Teenage boys - teamsters - guiding a pair of bullocks pulling a cart of fire wood or fresh produce. Little boys riding on the backs of those huge bullocks I went into the Temple, sat in front of Buddha, and with the help of a man there with his family, I said a few prayers. Then lots of pictures; a group of young boys, I think from the orphanage nearby and another family, mostly young girls. I gaped again at the valley, and headed down to the bike and the Hot Spring nearby.

The Hot Spring is located at a small hotel with lovely gardens and ornamental trees. The Hot Spring area itself was very ordinary. Basically an outdoor concrete compound of changing rooms, showers and two pools. One small round pool with very hot water and one oval pool with not so hot water. Believe me sports fans, I needed them both, several times. I rested under an umbrella on a chaise lounge between dunkings, had a soft drink and tried to relax these old muscles.

Now after climbing and walking and pedaling, you must know what I was planning as I was dozing in the shade. Any guesses? I figured that with all the vehicle traffic, my bike and I should be able to hitch a ride back to town.

I did try several times but no luck. Finally, a truck came by, up went the bike and I sat down in the back with the driver's family - six women of various ages.

I thought they understood where I was going. Serious. Serious. Serious miscalculation. First of all I ended up sitting on the steel shelf on the side of the truck. The truck had absolutely no springs or shock absorbers. I regretted this ride after about three seconds. Every bump, rut or patch in the road went straight to my backside. I thought my ass would break into about fifty pieces. The women with me were utterly unnerved, stoic and comfortable. I couldn't understand how they could endure this bone jarring, teeth shattering ride. "Could it be," I thought, "that they possess a more fully equipped posterior anatomy?"I jumped truck when I thought I was at the turnoff back to town. Again, serious miscalculation.

The truck dropped me off several kilometers beyond the road I was looking for. So I backpedaled, and back pedaled. By now the setting sun was approaching the top of the hills and I needed my sweater. I panicked a little but mostly I was angry.

Then another truck came my way so this time I ended up riding on top of a pile of rocks headed for a construction site. When we finally got to the turnoff for town, I politely got off, anticipating that rocky road again. I thought it would be better to walk.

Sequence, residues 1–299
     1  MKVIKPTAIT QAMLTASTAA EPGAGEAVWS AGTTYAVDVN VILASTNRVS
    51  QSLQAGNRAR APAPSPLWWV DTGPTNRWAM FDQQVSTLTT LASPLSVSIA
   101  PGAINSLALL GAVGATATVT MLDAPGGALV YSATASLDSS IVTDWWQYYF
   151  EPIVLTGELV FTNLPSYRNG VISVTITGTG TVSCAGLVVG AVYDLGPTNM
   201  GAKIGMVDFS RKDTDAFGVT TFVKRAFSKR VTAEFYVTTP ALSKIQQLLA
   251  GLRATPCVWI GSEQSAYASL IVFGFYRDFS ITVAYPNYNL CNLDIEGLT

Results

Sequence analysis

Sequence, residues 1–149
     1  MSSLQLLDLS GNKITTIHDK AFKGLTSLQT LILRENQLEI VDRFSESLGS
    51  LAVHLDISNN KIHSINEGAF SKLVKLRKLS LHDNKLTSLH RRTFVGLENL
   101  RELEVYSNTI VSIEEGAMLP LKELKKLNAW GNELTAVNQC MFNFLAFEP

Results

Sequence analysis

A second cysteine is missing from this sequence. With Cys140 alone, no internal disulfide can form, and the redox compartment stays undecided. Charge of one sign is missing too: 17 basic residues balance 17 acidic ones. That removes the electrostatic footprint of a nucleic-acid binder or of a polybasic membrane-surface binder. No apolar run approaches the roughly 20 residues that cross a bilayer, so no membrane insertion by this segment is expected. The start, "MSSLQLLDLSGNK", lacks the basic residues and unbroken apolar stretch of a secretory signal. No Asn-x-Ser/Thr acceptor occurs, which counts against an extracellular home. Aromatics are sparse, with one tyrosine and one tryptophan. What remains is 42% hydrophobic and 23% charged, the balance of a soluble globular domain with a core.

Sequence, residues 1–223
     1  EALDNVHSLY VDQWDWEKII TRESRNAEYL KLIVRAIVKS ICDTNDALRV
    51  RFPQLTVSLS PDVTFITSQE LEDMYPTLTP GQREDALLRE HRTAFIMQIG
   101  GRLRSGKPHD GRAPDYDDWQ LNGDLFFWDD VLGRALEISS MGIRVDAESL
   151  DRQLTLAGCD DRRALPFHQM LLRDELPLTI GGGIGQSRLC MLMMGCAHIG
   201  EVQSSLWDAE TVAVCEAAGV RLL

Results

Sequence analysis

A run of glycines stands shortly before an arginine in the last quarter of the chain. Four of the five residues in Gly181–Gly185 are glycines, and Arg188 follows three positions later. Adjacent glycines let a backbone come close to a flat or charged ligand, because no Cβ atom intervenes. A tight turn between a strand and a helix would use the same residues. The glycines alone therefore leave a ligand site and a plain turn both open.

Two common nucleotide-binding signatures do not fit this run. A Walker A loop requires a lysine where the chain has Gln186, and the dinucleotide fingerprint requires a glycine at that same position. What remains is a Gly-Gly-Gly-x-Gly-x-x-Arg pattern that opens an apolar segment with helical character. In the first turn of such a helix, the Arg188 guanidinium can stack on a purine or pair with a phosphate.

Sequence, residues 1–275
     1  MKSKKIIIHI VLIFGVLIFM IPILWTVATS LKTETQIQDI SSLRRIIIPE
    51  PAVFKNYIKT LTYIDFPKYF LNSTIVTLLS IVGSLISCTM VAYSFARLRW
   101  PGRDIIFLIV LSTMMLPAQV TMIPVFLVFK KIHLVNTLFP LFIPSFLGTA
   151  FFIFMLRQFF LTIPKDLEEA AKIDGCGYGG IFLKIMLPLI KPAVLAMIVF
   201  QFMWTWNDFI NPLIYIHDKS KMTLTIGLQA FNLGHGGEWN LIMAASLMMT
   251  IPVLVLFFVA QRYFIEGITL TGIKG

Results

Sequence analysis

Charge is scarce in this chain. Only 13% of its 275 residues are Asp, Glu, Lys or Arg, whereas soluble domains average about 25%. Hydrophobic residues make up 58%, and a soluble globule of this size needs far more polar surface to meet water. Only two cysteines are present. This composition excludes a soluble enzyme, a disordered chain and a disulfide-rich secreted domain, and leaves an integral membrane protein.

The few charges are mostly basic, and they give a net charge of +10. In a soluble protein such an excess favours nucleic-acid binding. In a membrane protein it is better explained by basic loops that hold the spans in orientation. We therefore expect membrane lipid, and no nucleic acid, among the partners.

Actually this whole misadventure was my own fault. I had pedaled beyond my turnoff when the first truck picked me up. I need a course in orienteering, or maybe a new pair of glasses. I headed back to town as the sun went down. The rays lighting up the sides of the houses on stilts. Flocks of birds were paddling around in the canals and kids were all out playing ball and yelling "hello." A hot shower and a hot meal awaited.

Dinner. First a tomato salad with slices of green peppers topped with a sauce of crushed fried peanuts and onions. Splendid. Then vermicelli with vegetables and chicken and cups of hot English tea all served by a charming, dignified, beautiful twenty-four year old woman. All splendid.

Was it all worth the trip? Ask me tomorrow if I make it through the night without some severe leg and thigh cramps. I plan to pop a Naproxen or two and a hydro-codeine tab. I know. I know, Dr T. and Dr D. - Naproxen is not the med of choice for muscles. But I'll give it a try. I am hoping the codeine will just knock me out. So, a splendid day in the mountains of Myanmar.

Actually all my days here have been splendid. I am looking forward to Mandalay and Bagan.

Train rides and boat trips.

Shabbat Shalom.

Shavuot Tov.


PS. I have noticed recently that as I mature, I am getting a little clumsy. I am thinking that I should take up a sport to regain some muscle tone and coordination. Since ice skating, gymnastics and springboard diving are out of the question, maybe I will try biking. Uli, I am ready.